How to grapple with the Lag B’Omer tragedy? Remember fate is random.
Every tragedy seems to cry out for an explanation. Initial explanations are practical and outline the worldly reasons why a terrible event occurred. For believers there is an additional burden — the question of how God could allow such suffering.
The deaths on Lag B’Omer at the tomb of Rabbi Shimon Bar Yochai on Mount Meron seem to demand a theological response. Surely, we’re drawn to think, the calamity contains a kind of deep significance.
I believe it does, but not the significance that most assume.
When something bad happens, the impulse of many believers is to seek to understand why God willed this result. People dealing with the death of a loved one often approach rabbis to ask how God could permit this to happen. When I was diagnosed with cancer, congregants asked me what God’s purpose was in giving me cancer — and some suggested possibilities.
Today, many Jews are asking themselves: What was God trying to teach us by having the faithful die on what should be a happy day, celebrating a great ancient sage?
My own belief is that much of what happens in the world is random, and that this conviction is the deepest way to express faith in God.
Let me explain.
If you believe that everything happens for a reason, that God superintends everything, your actions become instrumental. If God rewards goodness, of course I will be good. If God punishes wickedness, of course I will avoid being wicked.
But if our good actions and bad actions determine consequences, then there is no possibility of genuine goodness. Everything is to gain a certain end. In reality, the only way to be good is to practice goodness without knowing what the result will be. You may be Rabbi Akiba and still die a painful death.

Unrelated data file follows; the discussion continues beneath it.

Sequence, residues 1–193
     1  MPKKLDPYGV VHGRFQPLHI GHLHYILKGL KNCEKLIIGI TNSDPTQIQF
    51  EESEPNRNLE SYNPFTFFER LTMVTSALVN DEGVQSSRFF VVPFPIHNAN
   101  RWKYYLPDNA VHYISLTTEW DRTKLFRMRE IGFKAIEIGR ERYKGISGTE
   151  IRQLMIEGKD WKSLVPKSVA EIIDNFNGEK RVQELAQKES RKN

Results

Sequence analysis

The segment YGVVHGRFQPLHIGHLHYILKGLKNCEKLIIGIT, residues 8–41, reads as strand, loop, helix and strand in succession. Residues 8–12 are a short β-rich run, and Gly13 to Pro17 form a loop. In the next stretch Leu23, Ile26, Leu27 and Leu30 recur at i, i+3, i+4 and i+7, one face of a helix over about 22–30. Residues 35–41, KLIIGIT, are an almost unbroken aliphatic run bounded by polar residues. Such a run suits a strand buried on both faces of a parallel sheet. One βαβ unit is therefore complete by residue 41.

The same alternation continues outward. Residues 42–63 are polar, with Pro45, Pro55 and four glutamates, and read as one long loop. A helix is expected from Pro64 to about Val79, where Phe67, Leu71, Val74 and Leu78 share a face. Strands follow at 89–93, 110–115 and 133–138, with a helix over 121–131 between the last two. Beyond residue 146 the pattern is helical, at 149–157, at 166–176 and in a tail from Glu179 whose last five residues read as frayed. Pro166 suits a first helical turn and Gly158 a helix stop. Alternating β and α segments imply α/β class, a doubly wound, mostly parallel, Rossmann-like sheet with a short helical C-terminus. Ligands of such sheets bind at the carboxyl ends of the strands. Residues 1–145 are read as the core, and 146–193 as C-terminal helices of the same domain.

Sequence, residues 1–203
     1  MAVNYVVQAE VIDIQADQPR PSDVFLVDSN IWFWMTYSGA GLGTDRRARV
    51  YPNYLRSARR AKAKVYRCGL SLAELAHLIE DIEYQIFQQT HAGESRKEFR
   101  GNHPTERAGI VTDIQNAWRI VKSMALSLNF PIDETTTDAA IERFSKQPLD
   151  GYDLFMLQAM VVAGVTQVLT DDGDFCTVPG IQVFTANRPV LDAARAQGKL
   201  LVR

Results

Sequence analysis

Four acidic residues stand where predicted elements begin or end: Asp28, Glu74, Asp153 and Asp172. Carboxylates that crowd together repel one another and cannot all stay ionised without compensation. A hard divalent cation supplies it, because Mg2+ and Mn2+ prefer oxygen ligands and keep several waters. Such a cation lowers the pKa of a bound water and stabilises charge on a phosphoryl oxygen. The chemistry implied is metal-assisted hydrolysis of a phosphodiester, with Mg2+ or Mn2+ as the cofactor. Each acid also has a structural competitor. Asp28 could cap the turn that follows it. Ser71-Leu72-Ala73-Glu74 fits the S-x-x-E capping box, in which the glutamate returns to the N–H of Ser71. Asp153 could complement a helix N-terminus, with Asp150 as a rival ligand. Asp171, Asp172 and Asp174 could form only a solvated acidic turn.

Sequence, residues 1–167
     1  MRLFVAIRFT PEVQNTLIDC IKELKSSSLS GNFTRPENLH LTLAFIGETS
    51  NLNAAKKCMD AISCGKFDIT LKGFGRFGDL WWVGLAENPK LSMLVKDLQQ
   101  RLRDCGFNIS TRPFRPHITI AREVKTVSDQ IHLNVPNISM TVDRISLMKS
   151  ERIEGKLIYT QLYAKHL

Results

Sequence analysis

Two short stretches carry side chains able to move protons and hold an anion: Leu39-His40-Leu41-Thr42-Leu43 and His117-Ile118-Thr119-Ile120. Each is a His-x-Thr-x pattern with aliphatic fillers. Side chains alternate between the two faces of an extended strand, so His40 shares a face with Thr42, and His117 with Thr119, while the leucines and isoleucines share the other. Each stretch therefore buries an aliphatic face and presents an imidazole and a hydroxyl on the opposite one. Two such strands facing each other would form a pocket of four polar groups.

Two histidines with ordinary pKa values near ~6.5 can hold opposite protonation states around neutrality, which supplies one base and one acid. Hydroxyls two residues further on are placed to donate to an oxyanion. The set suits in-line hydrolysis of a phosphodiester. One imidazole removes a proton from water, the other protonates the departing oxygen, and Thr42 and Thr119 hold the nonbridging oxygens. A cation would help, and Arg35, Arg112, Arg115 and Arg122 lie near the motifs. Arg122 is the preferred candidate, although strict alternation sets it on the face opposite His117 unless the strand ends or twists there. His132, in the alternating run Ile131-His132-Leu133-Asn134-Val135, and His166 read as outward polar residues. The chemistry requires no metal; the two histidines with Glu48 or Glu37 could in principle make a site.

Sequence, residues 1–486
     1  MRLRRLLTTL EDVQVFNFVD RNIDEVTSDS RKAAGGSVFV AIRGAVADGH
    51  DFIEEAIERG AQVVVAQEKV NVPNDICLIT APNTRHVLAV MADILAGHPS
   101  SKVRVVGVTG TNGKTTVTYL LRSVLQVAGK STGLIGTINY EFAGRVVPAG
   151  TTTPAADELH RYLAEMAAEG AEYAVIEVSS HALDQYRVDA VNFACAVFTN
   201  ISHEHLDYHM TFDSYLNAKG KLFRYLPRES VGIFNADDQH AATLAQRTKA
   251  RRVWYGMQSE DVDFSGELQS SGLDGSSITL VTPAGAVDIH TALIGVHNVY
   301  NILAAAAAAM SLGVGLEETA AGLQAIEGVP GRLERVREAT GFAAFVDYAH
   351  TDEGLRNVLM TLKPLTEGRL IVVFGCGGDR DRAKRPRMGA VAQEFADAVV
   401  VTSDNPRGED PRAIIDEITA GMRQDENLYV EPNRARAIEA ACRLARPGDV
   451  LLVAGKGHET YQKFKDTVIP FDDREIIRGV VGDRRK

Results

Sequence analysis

It is true that much of Jewish tradition lends itself to an instrumental way of thinking. In the second paragraph of the Shema, we are told that if Israel is good, the rain will fall and the crops will grow.
And yet in the face of such proclamations, experience teaches us that good people often suffer and bad people often thrive. Even children can observe that God has made a world in which randomness reigns and intuit that s’char mitzvah mitzvah — the reward of doing a mitzvah is in the doing. True goodness is a choice not to get a result, but to affirm the importance of goodness.
There are voices in our tradition that express just such a realization. In the Talmud, Rav Ami declares that people only die for sins they have committed. After some deliberation, the Talmud concludes: “there is death without sin and there is suffering without iniquity, and this is a conclusive refutation of the opinion of Rav Ami.” The Talmud elsewhere states that stolen wheat should by rights not grow and adultery should not result in a child, but “olam Kminhago Nohaig” — the world goes on its way.
In other words, the world follows natural, not moral, law.
It is a natural impulse to believe that the bad things that befall us are a product of our own conduct. While that can certainly happen — if you smoke all your life, lung cancer is a not unexpected result — much of the time it is not about what we have done, but what we were unlucky enough to endure.
Psychologically, we understand why people blame themselves. It is easier to feel guilty than to feel helpless. If we believe that acting a certain way will protect us — that God will not afflict us if we only keep kosher or observe the Shabbat or act kindly — then whatever misfortune has befallen us might be averted next time.
But sadly, there are no guarantees.
We can draw on God for strength, for consolation and for guidance. But when tragedy strikes, our task is not to ask why God did it, but rather how we can meet the tragedy with wisdom and courage.
We mourn for the lives lost and the families who are bereaved. In the name of those who suffer, let’s not increase their pain by assuming that somehow they were “targeted” by God. Much of life is unpredictable, some things unpreventable and still others just plain random.
Our sublimity is not in finding the reason but in crafting the response. If we rise from our prayers better Jews, our prayers have been answered.
David Wolpe is a writer and the Max Webb Senior Rabbi at Sinai Temple in Los Angeles. He has been named Most Influential Rabbi in America by Newsweek and one of the 50 Most Influential Jews in the World by The Jerusalem Post. Rabbi Wolpe is the author of eight books, including the national bestseller “Making Loss Matter: Creating Meaning in Difficult Times.”